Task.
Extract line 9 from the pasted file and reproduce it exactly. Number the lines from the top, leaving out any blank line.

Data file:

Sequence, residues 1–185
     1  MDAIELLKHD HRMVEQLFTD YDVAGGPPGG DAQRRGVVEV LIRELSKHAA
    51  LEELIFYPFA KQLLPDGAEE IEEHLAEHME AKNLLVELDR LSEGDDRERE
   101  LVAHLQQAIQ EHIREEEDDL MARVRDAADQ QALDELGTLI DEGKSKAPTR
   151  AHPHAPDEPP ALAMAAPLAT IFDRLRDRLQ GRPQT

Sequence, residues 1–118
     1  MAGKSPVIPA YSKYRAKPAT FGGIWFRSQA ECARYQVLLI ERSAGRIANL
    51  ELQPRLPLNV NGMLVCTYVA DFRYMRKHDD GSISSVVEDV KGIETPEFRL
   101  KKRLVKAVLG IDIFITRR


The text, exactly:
   101  KKRLVKAVLG IDIFITRR